As a personal user of the DROID RAZR M, I've got to say that Motorola's 2012 line of branded DROIDs have held up remarkably well. That's due in no small part to frequent and relatively speedy updates. The latest one doesn't come with a new version of Android (they're running 4.4.2 at the moment), but it does have a few security enhancements and improvements to the default messaging app.
I used the Motorola DROID RAZR M as my primary phone for over six months. I was in between jobs, my not-so-trusty Galaxy Nexus had been smashed, and I knew from previous experience that Motorola's resurrected RAZR line had tough builds and good radios. While it was ostensibly a "budget phone," that ugly little DROID RAZR M was the most reliable Android device I had ever owned. When I got back on my feet, I skipped flagships from Samsung, LG, and HTC, and went straight for Motorola's next DROID phone.
The Moto E is Motorola's bid to dominate the low-end and developing markets, but that doesn't mean it's not worthy of attention from developers. As always with new Android phones, Motorola has posted the kernel source code for developers (and anyone else who wants to mess with it) at their official GitHub page.
The company also posted the updated source code for the RAZR M and RAZR HD (the international GSM variants of the Verizon-exclusive DROID RAZR M and DROID RAZR HD).
If you've bought a DROID phone from Verizon and Motorola at some point in the last two generations, you've got an update coming soon. The carrier posted update materials for all 2012 and 2013 Motorola DROIDs: RAZR M, RAZR HD, RAZR MAXX HD, Mini, Ultra, and Maxx. The older phones are getting upgraded to Android 4.4.2, while the newer DROIDs just get a stability update.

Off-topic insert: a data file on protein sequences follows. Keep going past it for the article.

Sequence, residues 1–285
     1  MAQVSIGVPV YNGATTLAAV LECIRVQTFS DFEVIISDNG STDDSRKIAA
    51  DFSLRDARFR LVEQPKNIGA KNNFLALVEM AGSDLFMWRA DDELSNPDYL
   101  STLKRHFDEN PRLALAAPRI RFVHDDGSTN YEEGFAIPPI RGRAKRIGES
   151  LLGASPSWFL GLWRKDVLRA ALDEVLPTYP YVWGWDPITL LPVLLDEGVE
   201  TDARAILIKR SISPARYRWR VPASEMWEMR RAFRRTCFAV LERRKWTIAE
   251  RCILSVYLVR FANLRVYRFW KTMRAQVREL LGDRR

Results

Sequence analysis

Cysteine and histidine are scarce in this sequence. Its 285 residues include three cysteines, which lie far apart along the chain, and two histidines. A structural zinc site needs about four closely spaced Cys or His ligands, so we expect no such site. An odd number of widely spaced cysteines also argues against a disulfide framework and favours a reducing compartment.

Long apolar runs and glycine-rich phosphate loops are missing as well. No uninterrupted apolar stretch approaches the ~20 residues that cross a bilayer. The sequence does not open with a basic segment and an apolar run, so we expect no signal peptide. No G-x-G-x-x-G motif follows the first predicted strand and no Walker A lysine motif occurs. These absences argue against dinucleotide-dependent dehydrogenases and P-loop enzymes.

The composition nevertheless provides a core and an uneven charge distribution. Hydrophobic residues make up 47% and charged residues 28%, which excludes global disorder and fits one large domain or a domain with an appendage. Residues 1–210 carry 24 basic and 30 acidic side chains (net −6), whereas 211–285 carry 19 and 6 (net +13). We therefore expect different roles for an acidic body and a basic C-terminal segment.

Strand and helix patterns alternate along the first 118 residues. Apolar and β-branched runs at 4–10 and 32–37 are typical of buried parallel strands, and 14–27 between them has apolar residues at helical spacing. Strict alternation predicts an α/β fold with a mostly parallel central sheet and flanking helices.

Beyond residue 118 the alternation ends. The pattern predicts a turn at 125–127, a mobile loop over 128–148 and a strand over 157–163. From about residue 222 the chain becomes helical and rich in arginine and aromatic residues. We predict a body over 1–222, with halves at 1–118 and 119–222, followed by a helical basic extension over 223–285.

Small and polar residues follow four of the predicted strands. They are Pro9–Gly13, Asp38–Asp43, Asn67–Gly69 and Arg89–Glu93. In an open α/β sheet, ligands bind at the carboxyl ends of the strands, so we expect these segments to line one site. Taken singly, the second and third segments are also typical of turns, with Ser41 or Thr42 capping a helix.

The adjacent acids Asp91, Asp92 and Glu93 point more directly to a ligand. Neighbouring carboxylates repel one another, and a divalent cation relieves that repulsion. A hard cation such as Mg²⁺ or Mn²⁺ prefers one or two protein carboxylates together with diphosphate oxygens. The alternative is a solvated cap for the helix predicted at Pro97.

Beta tests for new software releases aren't anything new for Android phones or tablets - they're often referred to as "soak tests," especially when manufacturers and carriers are involved. According to an anonymous tipster, Motorola is instituting a new confidential test program, giving at least some users access to much earlier updated builds for Android phones. Our source says that he or she was invited to test out a KitKat 4.4.2 build for the DROID RAZR M.
The folks on the CyanogenMod team are always adding new devices to their ever-increasing list, and over the last few days they've added no less than eleven more. According to a pair of Google+ posts, there are new officially-supported phones and tablets including two Barnes & Noble Nooks, a ton of Motorola devices, and a few Samsungs thrown in for good measure. Here's the full list:
- Barnes & Noble Nook HD (hummingbird)
- Barnes & Noble Nook HD+ (ovation)
- Motorola Atrix HD (mb886)
- Motorola Photon Q - GSM (xt897)
- Motorola Photon Q - CDMA (xt897c)
- Motorola Droid Razr M (xt907)
- Motorola Razr HD - GSM (xt925)
- Motorola Droid Razr HD - CDMA (xt926)*
- Samsung Galaxy S Relay 4G (apexqtmo)
- Samsung Galaxy S4 - C Spire (jfltecsp)
- Samsung Verizon Galaxy Note 10.1 LTE (i925)
*These builds may also work for the DROID RAZR MAXX HD.
Verizon has announced a pair of OTA updates for the RAZR HD (HD MAXX) and RAZR M, bringing a suite of enhancements and bug fixes to the two handsets.
Both updates include new versions of Backup Assistant and Motorola's Smartactions, as well as improved GPS reliability, increased stability, improved Bluetooth connectivity, SMS fixes, and support for VMware Horizon Mobile. Various security fixes from Google are also included. If your device is rooted, as always, be wary of downloading these updates, which should be rolling out in the next week or two.
Blue makes a lot of things better - berries, rhapsodies, alternative percussion groups. Whether or not Motorola's RAZRs look better with an azure paint job is something we'll leave up to you. Verizon is now selling blue versions of both the mid-range DROID RAZR M and the flagship DROID RAZR HD, though the latter is more of a trim than a full paint job. Both versions were spotted by notable tipster @evleaks about three week ago.